When Marnie Was There
Here's another Ghibli title that went up for a Best Animated Picture Oscar, this time losing to the likes of 'Inside Out' (which, in my humble opinion, was frankly the better film anyway, this time around). But, as usual, that's not to say that this was a bad film at all. Speaking for myself, it just kinda ends up in that all around forgettable category.
This time around, we're introduced to a preteen girl named Anna Sasaki (Sara Takatsuki/Hailee Steinfeld) who is going through all sorts of horrible depression, as well as suffering from bad asthma. She's therefore sent to the countryside to live with her Auntie in the fresh ocean air.
While still going through her personal problems, Anna meets and befriends a very sweet girl around the same age named Marnie (Kasumi Arimura/Kiernan Shipka). She manages to be the perfect friendship that Anna has been seeking this whole time, allowing her to open up like never before, however the catch is that Marnie may not even be real.
This one, at least to me, covers the angst of what its like to get into that confusing stage known as puberty quite well. The only issue I have with it is that Anna is almost a little too angsty for the overall enjoyment of her character. She's relatable to those going through similar issues, but one has to admit there are moments that she just acts like a straight up ungrateful brat.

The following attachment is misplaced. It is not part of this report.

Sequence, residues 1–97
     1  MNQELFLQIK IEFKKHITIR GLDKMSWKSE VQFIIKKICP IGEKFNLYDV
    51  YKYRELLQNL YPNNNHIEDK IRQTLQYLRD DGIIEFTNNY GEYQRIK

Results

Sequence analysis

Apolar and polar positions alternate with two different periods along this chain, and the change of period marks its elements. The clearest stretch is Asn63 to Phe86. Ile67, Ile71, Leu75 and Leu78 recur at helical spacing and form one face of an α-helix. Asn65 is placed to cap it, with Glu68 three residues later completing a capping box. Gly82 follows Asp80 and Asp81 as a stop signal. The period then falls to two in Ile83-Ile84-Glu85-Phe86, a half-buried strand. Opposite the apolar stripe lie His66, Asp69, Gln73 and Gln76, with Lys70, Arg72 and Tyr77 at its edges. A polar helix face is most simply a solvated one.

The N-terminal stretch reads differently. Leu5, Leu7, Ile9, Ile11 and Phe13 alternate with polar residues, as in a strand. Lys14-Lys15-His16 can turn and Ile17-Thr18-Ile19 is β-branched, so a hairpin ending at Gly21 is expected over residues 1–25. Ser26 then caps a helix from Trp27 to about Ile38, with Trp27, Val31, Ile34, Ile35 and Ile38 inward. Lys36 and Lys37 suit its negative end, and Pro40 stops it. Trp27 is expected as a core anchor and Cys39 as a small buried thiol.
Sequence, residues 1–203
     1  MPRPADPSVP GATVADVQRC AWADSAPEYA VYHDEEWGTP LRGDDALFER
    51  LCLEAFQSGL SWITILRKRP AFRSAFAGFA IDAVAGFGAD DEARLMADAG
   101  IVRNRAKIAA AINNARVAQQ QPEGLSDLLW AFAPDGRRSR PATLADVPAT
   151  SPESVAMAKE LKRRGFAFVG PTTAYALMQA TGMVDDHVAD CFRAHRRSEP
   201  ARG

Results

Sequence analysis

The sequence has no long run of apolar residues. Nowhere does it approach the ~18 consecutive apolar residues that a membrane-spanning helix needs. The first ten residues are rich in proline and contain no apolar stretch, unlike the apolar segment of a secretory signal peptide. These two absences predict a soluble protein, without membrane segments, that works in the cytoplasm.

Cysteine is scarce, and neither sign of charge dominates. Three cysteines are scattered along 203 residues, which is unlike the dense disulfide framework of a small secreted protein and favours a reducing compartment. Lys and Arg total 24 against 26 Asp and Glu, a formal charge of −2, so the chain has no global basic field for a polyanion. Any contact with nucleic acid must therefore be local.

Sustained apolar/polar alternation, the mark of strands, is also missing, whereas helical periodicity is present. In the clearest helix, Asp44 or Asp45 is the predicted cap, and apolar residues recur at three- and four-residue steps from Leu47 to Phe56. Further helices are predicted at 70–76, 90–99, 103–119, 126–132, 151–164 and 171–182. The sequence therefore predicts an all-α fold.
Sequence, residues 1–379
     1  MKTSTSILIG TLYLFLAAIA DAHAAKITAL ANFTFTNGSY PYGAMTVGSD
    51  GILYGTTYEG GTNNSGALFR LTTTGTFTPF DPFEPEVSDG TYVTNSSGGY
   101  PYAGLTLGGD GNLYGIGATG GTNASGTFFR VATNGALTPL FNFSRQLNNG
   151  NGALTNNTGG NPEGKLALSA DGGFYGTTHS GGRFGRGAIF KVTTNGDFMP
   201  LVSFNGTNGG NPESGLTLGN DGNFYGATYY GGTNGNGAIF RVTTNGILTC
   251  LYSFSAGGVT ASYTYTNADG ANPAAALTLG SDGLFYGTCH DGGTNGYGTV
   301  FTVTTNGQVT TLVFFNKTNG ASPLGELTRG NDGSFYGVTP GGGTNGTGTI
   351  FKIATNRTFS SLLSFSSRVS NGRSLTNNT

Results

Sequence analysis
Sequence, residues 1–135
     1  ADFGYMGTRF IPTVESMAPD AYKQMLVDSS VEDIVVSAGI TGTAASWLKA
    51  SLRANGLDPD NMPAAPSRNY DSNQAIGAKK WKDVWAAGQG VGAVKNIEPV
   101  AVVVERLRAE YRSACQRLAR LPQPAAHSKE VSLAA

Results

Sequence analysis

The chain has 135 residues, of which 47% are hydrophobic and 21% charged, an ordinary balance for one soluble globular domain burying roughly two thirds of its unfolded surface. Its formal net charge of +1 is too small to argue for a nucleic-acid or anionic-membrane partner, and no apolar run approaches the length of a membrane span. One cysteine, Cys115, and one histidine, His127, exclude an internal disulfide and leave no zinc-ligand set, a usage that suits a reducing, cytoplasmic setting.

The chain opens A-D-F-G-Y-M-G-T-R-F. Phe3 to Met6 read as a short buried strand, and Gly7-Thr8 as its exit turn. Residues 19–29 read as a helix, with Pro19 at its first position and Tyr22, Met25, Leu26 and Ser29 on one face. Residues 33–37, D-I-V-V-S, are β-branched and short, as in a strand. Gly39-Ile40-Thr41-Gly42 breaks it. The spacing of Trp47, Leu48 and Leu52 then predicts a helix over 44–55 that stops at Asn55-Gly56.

The film otherwise looks quite lovely and has a fairly intriguing, if not relatively predictable storyline. However I found this time around that the characters lacked a bit more than usual. Our two mains are almost polarizing extremes to the point that they're almost unlikable. Anna is just stubborn and often irritating, but Marnie is sweet enough that she's almost a bit creepy. That said, perhaps that's kinda what they were going through here - an almost perfect Yin and Yang to make such a strong friendship.
One might ask oneself if this movie has some leaning towards potential homosexuality with its undertones as well. There are moments that left me wondering if they were going for something that strong. I'd have to say that it's something one would have to judge for oneself though. To me, perhaps a little, but it's not about that so much as the bond formed as a whole between Anna and Marnie.